LANG LANG: (nods.)
ELLIOTT: Where’s Kess when you need to ask an avatar what the fuck is going on?
ROSIE: (frowning) Yeah.
CAPT: (nods with understanding) I think she’s a little busy right now.
ELLIOTT: (rolls his eyes) It was rhetorical.
DR SOCKS: (to the Lieutenant beside him) What did our friend in the brig have to say about it all?
HALF-FACE: (shrugs) He was mostly rambling. I don’t think we should read too much into it. But…
HALF-FACE: Well, he wasn’t exactly reacting positively to the subject of the ghosts.
ROSIE: But he’s bugfuck nuts, right?
DR SOCKS: In lieu of an actual diagnosis, I suppose we can go with that.
ROSIE: So why do we give a shit about what he thinks?
CAPT: Every little bit of information helps.
WALDO: (trundles up to the table with a tray of mugs held in two of his hands. The other two hands pluck mugs off the tray and start to place a drink in front of each person at the table.)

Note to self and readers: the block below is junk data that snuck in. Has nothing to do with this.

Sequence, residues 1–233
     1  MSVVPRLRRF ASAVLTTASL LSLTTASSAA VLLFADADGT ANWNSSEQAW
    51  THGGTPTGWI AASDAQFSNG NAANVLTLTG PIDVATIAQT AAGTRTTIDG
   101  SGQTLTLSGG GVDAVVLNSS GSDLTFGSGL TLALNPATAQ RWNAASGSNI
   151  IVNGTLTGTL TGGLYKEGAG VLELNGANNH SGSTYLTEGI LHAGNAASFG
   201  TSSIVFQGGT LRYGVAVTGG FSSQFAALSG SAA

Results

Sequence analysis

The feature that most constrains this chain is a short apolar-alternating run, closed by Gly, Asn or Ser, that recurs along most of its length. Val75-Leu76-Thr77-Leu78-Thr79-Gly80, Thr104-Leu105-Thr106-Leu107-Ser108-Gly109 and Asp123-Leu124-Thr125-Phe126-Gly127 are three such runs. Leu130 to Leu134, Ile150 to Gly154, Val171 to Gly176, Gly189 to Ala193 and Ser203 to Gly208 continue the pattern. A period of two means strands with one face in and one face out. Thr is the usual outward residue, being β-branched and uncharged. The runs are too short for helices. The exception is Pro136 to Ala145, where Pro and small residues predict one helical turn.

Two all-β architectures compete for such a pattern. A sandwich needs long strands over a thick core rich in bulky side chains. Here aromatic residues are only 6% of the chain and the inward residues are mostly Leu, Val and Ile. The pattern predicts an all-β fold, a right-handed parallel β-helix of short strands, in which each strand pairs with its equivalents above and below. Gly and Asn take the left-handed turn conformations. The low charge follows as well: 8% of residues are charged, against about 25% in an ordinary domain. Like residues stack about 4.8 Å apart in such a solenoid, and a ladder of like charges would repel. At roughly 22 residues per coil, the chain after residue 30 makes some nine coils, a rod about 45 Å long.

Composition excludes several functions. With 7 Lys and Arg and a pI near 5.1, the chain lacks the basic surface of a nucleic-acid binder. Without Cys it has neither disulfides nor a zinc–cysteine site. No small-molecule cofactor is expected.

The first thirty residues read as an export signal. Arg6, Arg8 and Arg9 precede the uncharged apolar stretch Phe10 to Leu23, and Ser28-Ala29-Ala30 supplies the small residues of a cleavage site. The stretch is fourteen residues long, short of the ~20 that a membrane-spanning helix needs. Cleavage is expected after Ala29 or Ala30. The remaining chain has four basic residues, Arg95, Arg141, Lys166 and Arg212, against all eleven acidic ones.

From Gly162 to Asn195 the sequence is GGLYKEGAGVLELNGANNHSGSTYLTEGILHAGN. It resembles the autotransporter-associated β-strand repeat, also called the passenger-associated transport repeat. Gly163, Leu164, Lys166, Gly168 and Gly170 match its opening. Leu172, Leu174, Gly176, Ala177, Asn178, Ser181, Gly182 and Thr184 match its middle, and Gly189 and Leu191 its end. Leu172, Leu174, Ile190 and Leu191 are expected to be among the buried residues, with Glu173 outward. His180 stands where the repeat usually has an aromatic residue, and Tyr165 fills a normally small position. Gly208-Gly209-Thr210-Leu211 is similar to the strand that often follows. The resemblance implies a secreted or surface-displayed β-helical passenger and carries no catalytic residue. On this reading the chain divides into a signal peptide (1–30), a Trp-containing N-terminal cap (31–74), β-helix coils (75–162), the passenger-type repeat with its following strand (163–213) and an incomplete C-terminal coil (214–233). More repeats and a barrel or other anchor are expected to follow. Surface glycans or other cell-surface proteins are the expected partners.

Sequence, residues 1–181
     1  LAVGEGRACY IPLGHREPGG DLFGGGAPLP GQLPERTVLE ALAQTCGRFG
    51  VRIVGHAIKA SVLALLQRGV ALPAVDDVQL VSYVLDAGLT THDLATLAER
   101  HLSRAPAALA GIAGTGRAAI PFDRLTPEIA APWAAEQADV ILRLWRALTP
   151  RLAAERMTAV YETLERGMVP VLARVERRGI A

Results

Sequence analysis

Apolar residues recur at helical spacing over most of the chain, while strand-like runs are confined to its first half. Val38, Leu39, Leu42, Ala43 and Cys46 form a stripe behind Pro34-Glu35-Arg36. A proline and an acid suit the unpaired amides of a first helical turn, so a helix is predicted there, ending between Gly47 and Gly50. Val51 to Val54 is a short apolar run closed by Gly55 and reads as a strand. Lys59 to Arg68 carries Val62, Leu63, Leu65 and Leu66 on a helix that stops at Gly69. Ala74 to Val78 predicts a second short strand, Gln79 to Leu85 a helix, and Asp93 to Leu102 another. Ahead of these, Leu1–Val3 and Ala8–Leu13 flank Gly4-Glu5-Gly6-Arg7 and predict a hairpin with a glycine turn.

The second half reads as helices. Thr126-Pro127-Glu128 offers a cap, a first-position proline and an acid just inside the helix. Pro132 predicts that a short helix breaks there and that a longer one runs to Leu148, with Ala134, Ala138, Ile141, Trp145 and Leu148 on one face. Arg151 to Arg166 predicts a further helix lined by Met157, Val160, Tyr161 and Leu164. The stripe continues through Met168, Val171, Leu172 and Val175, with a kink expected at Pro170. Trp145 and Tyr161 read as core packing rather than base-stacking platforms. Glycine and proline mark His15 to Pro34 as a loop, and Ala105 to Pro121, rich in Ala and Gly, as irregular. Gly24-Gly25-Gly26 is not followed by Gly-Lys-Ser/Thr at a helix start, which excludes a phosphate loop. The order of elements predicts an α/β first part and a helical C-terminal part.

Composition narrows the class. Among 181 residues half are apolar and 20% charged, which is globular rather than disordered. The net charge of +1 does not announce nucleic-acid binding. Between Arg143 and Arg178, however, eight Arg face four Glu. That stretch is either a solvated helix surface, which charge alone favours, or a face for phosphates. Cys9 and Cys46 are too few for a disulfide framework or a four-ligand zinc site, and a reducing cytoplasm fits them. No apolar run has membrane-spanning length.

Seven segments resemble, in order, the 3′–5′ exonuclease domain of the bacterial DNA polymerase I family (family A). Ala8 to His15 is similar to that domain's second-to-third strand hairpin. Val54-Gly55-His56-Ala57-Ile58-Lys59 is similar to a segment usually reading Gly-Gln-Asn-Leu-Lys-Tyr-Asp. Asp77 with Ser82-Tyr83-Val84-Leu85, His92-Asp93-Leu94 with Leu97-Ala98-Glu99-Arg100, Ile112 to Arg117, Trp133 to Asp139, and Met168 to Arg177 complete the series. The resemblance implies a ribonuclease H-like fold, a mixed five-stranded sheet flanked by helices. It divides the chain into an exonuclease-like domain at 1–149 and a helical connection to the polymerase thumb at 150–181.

LANG LANG: And we’re still trying to work out what it wants?
CAPT: (nods, picking up the mug that has appeared in front of him and sniffing it curiously) The projections don’t seem to be able to tell us, and they don’t seem to have a discernable purpose.
ELLIOTT: Fucking with us.
LANG LANG: (sipping at her mug) Is this cocoa?
HALF-FACE: Little Sara seems to have a special connection with it all.
DR SOCKS: (nods) Scans of her brain reveal some amplified activity. Growing up under the influence of this whale has affected her.
ROSIE: That’s messed up.
ELLIOTT: So because she’s all huggy with it, should we assume it’s not out to get us?
DR SOCKS: (shrugs) If you grow up with wolves, you might be huggy with them, too. Doesn’t make them not wolves.
ELLIOTT: (frowning) That’s fucked up. (He picks up his mug.) Thanks, Starry.
STARRY: (voice only) You’re welcome.
CAPT: Lang Lang, you’ve had an unusual connection with the avatar. What’s your impression?
LANG LANG: (licking her lips thoughtfully) That’s it’s trying to communicate with us.
ROSIE: And what, messing around in our heads is its way of doing that?
DR SOCKS: Sure, why not?
ROSIE: Well, it’s not very good at it.
CAPT: Starry, you’ve been very quiet. What’s your view?
STARRY: I’m still processing data, but… maybe the form of the avatar is a clue. I mean, Kess was mostly human, right? But she can’t have always been that way, because there haven’t always been humans. So if she took a human form to be able to communicate more easily with her people…